Ancient toy has township kids on top of the world

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Cape Town - Spinning tops have been around for years and is one toy that has kept township children busy for decades, especially during school holidays.

Wikipedia credits the top as being “one of the oldest recognisable toys found on archaeological sites" and originated independently in cultures around the world.

Spinning top _0551.jpg

Playing with spinning tops is a popular game among township children. Photo by Masixole Feni.

It is around noon in Mfuleni’s hostels and boys can be seen challenging each other with their different coloured spin-tops. Known as itola in isiXhosa, spin-tops can be bought at township spaza shops for only R2.50 or R3.

Ten-year-old Sinelizwi Mandili explains how the game is played.

“When you buy the top, you must make sure the silver pointed metal at the bottom is sharp otherwise it won’t spin properly. Then you take your string, which comes along with the top when you buy it, and twist it around your top from the bottom up.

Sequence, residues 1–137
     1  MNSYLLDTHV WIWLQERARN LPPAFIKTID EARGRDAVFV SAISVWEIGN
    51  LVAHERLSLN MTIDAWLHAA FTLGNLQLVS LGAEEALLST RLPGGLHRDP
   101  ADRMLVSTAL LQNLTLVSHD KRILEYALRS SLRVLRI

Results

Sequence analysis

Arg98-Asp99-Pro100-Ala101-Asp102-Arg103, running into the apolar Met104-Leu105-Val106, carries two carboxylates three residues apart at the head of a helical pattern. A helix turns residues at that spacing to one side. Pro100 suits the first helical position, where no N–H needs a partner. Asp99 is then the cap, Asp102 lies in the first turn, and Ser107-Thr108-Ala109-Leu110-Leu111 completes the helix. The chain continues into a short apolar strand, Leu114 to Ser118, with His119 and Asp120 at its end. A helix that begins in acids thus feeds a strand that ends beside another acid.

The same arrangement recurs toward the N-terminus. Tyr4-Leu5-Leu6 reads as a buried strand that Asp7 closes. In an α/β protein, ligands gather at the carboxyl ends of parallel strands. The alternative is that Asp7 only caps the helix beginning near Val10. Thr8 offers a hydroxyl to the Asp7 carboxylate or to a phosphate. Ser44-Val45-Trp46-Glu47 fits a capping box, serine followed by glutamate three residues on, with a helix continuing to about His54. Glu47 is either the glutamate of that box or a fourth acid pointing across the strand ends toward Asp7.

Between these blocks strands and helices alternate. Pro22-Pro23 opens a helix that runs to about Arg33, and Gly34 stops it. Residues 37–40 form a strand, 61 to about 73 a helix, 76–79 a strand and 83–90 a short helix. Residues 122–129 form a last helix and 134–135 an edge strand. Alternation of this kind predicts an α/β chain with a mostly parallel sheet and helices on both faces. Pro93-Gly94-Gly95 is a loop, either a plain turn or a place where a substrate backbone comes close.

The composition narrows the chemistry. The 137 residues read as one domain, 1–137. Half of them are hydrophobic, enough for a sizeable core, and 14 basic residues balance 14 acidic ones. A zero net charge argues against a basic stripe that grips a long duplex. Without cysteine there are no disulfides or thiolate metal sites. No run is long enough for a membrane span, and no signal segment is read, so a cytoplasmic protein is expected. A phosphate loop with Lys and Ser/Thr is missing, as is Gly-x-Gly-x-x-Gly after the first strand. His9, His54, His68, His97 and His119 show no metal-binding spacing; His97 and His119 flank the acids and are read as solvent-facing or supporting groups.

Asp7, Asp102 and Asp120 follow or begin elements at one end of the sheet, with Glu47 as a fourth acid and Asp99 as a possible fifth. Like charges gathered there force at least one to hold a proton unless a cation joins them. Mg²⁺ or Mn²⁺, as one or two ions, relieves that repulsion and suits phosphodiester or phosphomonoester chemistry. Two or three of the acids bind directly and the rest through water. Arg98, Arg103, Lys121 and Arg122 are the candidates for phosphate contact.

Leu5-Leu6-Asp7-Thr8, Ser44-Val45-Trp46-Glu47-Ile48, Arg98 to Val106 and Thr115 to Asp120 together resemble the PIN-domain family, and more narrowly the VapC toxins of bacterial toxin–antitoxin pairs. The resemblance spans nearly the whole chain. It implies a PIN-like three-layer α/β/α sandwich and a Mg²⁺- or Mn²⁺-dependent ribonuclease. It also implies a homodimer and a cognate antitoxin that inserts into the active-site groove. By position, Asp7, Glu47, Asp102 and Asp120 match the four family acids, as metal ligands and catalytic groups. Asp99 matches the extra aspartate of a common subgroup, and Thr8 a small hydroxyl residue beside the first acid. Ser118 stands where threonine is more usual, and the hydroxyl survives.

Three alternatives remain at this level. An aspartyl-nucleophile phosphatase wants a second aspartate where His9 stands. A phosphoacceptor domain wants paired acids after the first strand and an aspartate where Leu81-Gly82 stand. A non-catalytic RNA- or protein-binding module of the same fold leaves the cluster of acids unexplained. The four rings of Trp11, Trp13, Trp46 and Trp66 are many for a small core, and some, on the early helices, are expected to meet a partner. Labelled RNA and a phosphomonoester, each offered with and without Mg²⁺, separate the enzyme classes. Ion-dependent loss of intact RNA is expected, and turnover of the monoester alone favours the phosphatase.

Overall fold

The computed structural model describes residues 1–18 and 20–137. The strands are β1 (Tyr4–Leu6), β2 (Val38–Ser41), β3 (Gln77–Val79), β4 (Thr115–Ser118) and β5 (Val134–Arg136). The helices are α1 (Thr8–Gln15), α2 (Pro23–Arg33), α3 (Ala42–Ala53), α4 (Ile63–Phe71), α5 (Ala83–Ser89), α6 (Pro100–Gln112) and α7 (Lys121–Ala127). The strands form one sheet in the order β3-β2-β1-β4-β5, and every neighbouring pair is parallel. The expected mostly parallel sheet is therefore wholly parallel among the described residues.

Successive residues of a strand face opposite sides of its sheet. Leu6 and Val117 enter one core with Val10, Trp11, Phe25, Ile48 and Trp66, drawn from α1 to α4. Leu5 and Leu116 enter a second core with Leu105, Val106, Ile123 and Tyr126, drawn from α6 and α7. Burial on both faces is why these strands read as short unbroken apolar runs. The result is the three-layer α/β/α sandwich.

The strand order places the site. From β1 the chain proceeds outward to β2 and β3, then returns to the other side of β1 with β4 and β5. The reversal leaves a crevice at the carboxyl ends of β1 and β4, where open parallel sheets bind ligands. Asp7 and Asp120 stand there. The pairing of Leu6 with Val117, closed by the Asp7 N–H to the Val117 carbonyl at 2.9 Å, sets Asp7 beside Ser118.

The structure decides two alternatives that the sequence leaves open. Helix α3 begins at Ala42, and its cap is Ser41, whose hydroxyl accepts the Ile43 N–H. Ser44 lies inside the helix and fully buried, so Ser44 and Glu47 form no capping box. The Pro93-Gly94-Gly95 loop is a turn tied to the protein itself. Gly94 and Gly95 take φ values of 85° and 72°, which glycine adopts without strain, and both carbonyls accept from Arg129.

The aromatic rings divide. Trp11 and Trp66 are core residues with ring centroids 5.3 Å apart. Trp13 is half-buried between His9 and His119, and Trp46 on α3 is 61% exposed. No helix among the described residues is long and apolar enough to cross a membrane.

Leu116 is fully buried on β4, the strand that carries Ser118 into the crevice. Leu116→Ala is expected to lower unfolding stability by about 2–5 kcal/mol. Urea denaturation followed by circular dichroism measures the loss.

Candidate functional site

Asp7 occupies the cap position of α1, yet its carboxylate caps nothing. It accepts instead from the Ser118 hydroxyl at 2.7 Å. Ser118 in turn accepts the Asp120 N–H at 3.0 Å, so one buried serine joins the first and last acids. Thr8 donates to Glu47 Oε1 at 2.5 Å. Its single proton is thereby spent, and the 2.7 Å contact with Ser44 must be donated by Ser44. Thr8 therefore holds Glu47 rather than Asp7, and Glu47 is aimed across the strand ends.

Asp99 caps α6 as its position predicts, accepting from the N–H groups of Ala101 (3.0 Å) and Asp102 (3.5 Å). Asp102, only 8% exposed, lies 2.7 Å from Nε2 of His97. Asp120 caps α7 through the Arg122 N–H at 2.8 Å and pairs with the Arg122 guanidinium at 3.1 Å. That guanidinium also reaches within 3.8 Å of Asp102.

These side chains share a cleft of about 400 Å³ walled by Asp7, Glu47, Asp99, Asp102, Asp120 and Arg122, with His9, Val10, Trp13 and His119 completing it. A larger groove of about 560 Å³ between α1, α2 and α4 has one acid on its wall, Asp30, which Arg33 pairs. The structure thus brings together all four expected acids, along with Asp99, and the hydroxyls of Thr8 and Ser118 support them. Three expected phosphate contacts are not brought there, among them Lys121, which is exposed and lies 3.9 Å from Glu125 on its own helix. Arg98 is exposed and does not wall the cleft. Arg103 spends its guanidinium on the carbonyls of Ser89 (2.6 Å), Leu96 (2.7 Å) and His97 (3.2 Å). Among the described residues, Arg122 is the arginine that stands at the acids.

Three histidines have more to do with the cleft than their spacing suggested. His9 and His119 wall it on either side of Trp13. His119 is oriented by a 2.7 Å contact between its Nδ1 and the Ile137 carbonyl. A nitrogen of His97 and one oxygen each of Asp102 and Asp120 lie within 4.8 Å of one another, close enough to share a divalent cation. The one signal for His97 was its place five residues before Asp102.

"You then take the little that’s left of the string and twist it around your index finger, for grip. Once you have the string around your finger, turn the top upside down and, with force, throw it to the ground and immediately pull back the string.

"The throwing is the tricky part, because you have to sort of hold your arm out straight and twist it at the same time while pulling the string. If you get the throwing right, then the top will spin, if not, it won’t,” said Mandili.

Spinning top Games _0553.jpg

He said making the top spin determined if you were still in the game or had lost. Mandili also demonstrated how to pick up a top while it was spinning and place it, while still in motion, in the palm of his hand.

Eight-year-old Simamkele Nkunkumana taught herself to play spin-top by observing her friends. While it was "a bit difficult at first", she says she eventually got the hang of it. “I think playing the top is very easy. You just have to practice,” she says.

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A child balances a spinning top on his hand. Photo by Mary-Anne Gontsana.
Read more on:    cape town  |  games

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